There are many controversial things about current european copyright reform. We mainly hear about the fear of censorship of user-generated content or attempt to introduce something called ‘link tax’ to ensure press publishers right to control over the digital use of their content. But education? There are not many people, who will disagree that what Europe needs right now is a modern education system enhancing creativity, innovation and economic growth. Not to mention the importance of lifelong learning and the need of improving the quality and efficiency of education. Still repeated demand for digital skills and competences sounds like a cliche. You can find all of it well written down in EU documents and programs concerning education and training. So, there is one important question – why, when dealing with copyright issues, all these great ideas about the importance of education get forgotten?
EC proposal will make teachers life harder
Current European Commission’s proposal is so complicated that even lawyers can’t provide a simple answer when and how educational exception will apply. EC proposed mandatory exception, but it can be override by licenses. Teachers won’t be able to use the same educational materials conducting classes in a public library and school building. Different rules will apply depending on the digital and analogue use of works. This is just the beginning of a long list of outrageous things that will affect everyday teacher’s life. Teachers should teach, instead of becoming experts on copyright law.
EC proposal will lower the quality of education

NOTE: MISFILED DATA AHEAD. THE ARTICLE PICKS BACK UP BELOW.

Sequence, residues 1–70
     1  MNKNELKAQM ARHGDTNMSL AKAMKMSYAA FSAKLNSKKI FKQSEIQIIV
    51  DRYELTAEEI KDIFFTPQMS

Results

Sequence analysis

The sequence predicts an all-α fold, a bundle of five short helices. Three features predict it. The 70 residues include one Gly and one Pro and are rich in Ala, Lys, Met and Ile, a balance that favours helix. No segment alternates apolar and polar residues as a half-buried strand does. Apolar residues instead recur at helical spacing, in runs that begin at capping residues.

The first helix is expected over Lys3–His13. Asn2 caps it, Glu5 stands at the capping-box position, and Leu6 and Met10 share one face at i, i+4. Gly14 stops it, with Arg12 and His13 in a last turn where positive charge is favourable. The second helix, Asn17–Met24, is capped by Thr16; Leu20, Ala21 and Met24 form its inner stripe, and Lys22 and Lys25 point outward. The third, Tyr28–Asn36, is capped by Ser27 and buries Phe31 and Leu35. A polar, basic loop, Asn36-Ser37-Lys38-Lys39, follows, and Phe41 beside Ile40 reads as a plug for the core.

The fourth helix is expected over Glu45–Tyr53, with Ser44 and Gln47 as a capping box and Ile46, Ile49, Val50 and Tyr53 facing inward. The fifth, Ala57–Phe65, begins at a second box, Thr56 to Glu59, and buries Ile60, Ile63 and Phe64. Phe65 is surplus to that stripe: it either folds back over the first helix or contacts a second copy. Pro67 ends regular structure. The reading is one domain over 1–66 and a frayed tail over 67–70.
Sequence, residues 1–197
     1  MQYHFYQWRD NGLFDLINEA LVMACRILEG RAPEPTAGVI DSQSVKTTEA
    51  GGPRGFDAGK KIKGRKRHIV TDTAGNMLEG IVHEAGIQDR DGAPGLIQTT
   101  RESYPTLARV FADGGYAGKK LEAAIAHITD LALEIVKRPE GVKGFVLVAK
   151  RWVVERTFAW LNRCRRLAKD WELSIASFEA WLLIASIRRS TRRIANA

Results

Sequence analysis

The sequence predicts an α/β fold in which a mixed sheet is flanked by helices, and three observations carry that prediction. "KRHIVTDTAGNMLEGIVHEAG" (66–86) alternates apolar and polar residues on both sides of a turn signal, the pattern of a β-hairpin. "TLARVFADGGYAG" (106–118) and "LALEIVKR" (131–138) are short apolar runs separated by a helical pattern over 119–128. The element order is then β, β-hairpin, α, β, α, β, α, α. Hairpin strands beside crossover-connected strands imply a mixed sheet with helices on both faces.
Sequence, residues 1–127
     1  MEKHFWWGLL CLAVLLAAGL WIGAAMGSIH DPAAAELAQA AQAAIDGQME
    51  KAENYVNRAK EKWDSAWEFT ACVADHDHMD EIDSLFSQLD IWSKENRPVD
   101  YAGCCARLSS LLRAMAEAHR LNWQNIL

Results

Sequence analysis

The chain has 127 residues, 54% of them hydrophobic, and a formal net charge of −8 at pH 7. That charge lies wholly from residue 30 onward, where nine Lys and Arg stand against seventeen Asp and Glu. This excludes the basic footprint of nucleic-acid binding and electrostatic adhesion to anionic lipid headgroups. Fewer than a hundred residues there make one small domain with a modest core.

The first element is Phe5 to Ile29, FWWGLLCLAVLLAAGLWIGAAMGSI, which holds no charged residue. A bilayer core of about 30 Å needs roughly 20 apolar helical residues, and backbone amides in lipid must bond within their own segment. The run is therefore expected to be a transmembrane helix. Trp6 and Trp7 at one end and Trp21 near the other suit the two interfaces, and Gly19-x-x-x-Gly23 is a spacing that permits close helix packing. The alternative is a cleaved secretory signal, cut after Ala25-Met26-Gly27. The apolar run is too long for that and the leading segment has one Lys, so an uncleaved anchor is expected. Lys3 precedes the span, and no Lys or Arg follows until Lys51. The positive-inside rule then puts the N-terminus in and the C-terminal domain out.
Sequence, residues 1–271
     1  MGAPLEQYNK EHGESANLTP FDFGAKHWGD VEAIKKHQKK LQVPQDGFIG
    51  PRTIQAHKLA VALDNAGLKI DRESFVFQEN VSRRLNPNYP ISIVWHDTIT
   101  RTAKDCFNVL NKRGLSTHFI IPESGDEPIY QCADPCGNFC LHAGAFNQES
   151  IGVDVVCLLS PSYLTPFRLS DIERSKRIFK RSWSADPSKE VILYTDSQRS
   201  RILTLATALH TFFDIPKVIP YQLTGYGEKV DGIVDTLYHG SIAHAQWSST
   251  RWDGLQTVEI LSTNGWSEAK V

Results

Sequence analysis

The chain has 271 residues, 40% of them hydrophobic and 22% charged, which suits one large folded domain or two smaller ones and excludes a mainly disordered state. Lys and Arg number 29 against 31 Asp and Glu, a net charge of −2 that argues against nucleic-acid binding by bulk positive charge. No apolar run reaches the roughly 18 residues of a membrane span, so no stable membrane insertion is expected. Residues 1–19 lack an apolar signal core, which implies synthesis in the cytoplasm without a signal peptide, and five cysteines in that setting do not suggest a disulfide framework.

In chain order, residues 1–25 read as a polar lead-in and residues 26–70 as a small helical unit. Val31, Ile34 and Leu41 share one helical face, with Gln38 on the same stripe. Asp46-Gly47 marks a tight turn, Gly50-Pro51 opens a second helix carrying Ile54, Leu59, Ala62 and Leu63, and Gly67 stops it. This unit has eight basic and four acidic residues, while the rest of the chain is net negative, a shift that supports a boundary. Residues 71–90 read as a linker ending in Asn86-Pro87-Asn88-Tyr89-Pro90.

What teacher fear the most is lowering the quality of education. If a publisher offers a license to buy a material that teacher were using under the exception, they will be forced accept the terms and prices or just to stop using the material. It can prevents educators to use the best educational sources just because it takes too much time or money to get a license. As a result students will get only a partial view of history or current events.
Join us to make better copyright for education
We are fighting for better copyright for education since the beginning of copyright reform in Europe. In February we sent a joint letter to MEPs, which was supported by 34 organisations and 17 individuals. In the letter we note our concerns on proposed educational exception to copyright. As we promised, we are continuing our work.
That is why on Monday, November 13th we have met in Brussels with representatives from key educational institutions in Europe and advocates for copyright reform to discuss the recent developments around the DSM proposal. Not much time has left, because the vote in the most important committee (JURI) on the DSM Directive is currently planned for January 2018. But we know that this is a once in a generation opportunity to create law that fits modern education.
We believe that educators should have freedom to teach and to choose resources that they need. We are now preparing an action plan for the coming weeks to make sure the voice of educators is heard in Brussels. If you want to be part of our community and raise your voice for better copyright for education, let us know at email@example.com and sign up for our monthly newsletter.